This summer, the digital marketing world was buzzing as Google sunset Universal Analytics (UA) and officially migrated to Google Analytics 4 (GA4). Many of you embraced the mandatory shift in July and are about to dive headfirst into your inaugural seasons with GA4.
But wait! How do you compare website performance year over year when you’ve switched to an entirely new system? Fear not, fellow data enthusiasts—let’s dive into some key differences between UA and GA4 measurements so you can better monitor changes in site performance.
FIRST THINGS FIRST
Let’s start with a quick disclaimer: While the tips below can help you compare UA and GA4 data more easily, don’t expect apples to apples for every metric.
It’s important to remember that GA4 is a different tool and uses a different methodology for capturing data. Discrepancies for key metrics are totally normal, even when metrics have the same name in both platforms (like “sessions” and “users”). Don’t panic if you notice some variation in results by campaign, source, medium, and channel.
Pro Tip: If you implemented GA4 tracking early and captured data in both systems side-by-side, you can use that data to estimate the percent change in key metrics.
In UA, the metric users shows the total number of users who visited the site. But when you see “users” in the GA4 interface, that metric is showing active users, or the number of users who’ve had engaged sessions. (More on that below!)
What Changed: GA4’s focus on active users results in a more meaningful look at website traffic. You’re no longer counting visitors who stumble onto your site and leave in under 10 seconds. Just keep in mind that this new methodology means your user counts might look lower in GA4 than in UA.
Pro Tip: UA identifies users based on cookies that are device- and browser-specific, but GA4 can utilize several additional methodologies for identifying users if you’re willing to customize the configurations. These can be helpful to understand cross-device behavior and future-proof your measurement to be less reliant on cookies.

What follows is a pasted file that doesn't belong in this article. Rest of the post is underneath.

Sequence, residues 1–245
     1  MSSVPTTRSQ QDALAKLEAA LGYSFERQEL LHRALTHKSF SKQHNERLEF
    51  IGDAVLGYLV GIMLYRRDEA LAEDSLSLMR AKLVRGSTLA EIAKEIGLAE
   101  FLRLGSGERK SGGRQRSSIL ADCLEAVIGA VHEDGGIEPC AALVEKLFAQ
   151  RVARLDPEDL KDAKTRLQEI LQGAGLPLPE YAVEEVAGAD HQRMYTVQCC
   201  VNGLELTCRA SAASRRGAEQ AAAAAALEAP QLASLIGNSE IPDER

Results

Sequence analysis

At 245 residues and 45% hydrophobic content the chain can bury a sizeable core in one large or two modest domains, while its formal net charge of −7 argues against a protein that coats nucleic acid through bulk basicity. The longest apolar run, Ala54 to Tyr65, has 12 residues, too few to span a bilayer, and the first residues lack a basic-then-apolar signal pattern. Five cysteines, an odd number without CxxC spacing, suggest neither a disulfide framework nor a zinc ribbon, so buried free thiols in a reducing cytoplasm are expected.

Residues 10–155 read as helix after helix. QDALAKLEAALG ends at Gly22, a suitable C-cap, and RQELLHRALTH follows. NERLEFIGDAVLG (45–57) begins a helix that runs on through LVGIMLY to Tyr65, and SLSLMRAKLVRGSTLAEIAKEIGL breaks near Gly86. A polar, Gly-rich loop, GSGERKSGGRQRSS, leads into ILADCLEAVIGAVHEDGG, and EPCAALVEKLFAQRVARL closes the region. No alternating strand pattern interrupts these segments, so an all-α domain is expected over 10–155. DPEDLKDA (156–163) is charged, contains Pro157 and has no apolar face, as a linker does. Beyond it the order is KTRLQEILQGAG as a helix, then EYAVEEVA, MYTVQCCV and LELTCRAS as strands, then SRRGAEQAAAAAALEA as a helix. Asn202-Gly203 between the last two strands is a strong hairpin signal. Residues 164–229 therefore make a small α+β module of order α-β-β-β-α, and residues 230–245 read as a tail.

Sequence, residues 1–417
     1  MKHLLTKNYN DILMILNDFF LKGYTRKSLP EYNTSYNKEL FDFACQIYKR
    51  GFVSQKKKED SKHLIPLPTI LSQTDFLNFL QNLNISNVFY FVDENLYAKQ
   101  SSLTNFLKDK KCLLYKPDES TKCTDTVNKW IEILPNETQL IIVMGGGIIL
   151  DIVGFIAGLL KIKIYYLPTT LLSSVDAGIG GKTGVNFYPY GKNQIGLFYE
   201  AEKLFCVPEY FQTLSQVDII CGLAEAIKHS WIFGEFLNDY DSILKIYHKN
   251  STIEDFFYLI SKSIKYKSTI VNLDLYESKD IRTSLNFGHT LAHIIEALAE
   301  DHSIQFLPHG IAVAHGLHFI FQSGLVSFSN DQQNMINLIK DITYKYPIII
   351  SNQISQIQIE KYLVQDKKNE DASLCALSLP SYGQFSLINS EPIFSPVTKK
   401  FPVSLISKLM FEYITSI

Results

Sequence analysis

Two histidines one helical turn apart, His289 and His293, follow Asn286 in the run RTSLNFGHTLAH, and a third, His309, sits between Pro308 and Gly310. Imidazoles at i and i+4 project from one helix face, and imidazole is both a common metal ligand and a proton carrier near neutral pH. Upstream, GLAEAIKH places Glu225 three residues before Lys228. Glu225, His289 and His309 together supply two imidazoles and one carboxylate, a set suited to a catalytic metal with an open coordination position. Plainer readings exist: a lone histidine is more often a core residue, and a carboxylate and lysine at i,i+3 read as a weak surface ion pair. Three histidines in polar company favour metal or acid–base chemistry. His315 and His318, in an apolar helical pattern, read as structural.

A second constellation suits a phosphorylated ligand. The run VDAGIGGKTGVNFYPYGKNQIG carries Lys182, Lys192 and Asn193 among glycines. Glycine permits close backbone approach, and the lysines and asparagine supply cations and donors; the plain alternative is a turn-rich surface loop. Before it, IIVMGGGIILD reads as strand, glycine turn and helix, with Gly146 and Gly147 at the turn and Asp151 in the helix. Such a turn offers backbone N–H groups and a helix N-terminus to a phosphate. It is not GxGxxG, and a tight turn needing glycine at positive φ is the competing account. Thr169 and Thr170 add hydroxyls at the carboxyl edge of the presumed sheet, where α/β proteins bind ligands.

You can think of sessions as the number of visits to your website. Sessions are measured similarly across UA and GA4, and in both systems they typically end when there’s more than a 30-minute period of inactivity.
What Changed: Unlike with UA, GA4 sessions are not restarted at midnight or when new campaign parameters are encountered. GA4 properties also use a statistical estimate of the number of sessions that occurred on your site while UA properties do not. The result is a more efficient session count with high accuracy and low error rate.
R.I.P. bounce rate. GA4 introduced new sophisticated metrics to reflect site performance: engaged sessions and engagement rate. Engaged sessions are visits to the site that include more than one page, last longer than 10 seconds (unless otherwise customized in Admin settings), or include an event marked as a conversion.
Engagement Rate = Engaged Sessions ÷ Sessions